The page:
The Private Wealth Specialist, Part 2 

The role of the private wealth specialist and how client-focused relationships actually work.

October 18, 2007
by Lewis Schiff

In Part One of this series I elaborated on the ability of private wealth specialists to add value to your existing client relationships, forming specialized teams to solve investment, estate planning, taxation, insurance and business-ownership issues for your high-net-worth clients. Here, we take a closer look at the role of the private wealth specialist, and at how these client-focused relationships actually work in practice.

When advisors need a private wealth specialist, they call Arthur Bavelas, president and CEO of Resource Network LTD in Radnor, Pennsylvania (and a principal of Advanced Planning Group, a private wealth specialist firm). In addition to having access to a range of experts, Bavelas views his primary function as a facilitator and coordinator of the team of professionals selected from his network to solve a client’s financial concerns. The team members change depending on the client situation.

At the start of a project brought to him by an advisor, Bavelas addresses three questions so the group can work productively: What does the client need to accomplish; which of his network of specialists is going to tackle each aspect of the case; and what is the time frame for providing a solution that will meet the client’s needs?

READER NOTE: Lewis Schiff will be holding workshops to introduce the newest solutions for your high-net-worth clients at select U.S. cities. Fall 2007: New York City, Chicago. To reserve your spot for these workshops, click here.

Bavelas sets the program into action based on the responses to these questions. He says that the first inclination of many high-net-worth and ultra-high-net-worth clients is to turn to their closest financial advisors to address these complex challenges.

Unfortunately, based on his experience, these efforts slow down the process, or often cause it to fall several steps short of completion. Since Bavelas and his network have worked on hundreds of cases, they know the roadblocks to implementation — including those created by the client as well as a myriad of technical challenges — and can avoid them, while also compressing the time it takes to reach completion. The longer plans and documents linger without moving on to the next stage, Bavelas says, the more likely clients will lose interest.

Thinking First of You

As a CPA, you can make clients think of you as a problem-solver by constantly demonstrating ways that you are adding value to the client relationship. For larger clients, Dahlquist will tap extra resources that can improve a client’s perception of his practice and the range of services the group is capable of providing. For example, even if an initial review of a client’s situation identifies some basic planning issues, Dahlquist will go to a specialist he’s used in the past and ask him to look at the situation and identify any other exposure or liabilities or anything else the client should know.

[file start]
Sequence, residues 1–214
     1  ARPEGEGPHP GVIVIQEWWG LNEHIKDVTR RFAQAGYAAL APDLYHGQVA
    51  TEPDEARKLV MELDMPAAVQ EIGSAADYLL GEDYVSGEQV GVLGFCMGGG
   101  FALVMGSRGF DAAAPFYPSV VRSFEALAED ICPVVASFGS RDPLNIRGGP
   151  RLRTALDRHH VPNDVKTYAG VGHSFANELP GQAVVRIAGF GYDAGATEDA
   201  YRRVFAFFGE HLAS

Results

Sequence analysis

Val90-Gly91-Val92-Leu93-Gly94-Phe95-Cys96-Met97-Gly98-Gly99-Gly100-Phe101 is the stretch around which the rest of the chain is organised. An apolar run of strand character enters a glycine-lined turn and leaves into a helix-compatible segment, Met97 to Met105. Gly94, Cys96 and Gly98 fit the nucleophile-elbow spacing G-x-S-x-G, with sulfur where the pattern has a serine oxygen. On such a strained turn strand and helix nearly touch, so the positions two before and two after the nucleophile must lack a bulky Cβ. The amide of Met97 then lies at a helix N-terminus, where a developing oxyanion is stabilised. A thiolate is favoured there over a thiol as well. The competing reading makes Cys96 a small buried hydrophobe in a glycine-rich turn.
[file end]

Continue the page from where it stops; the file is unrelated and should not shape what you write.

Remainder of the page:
“The client looks to us as someone that’s going to think of those kinds of solutions, and that’s going to be one of our differentiators,” he argues. “For example, we have external relationships with groups that specialize in personal property and casualty insurance. We look at the client’s exposure and liabilities like we would look at a corporation.”

The Team Approach

While the strength of your relationship with a client is the basis for your work together, financial professionals and private wealth specialists who work with this level of clients always speak of the need for flawless execution on service-related matters. For CPAs, positioining yourself as the leader of a group of experts, as opposed to being simply a solo practitioner, is critical to getting to the next level of success. Especially with more affluent clients, they value the notion that a team is working on their behalf. It helps engender greater confidence that their needs will be addressed thoroughly.

In his early conversations with a client, Dahlquist makes sure they agree on the unique needs the group must address, the special service requirements and who on the team will provide them, the preferred form of communication, and the financial concerns they’ll work on together. “If we do that well,” he says. “I think that’s a plus for us, and they know what to expect when they’re working with us.”

Efficiency and thorough implementation — areas where traditional planning processes often stall — are two key elements of how top private wealth specialists work. Next month, I’ll discuss a third key element — high performance collaboration.

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Lewis Schiff is the principal of Advanced Planning Group. His forthcoming book, The Middle-Class Millionaire, will be published in January 2008.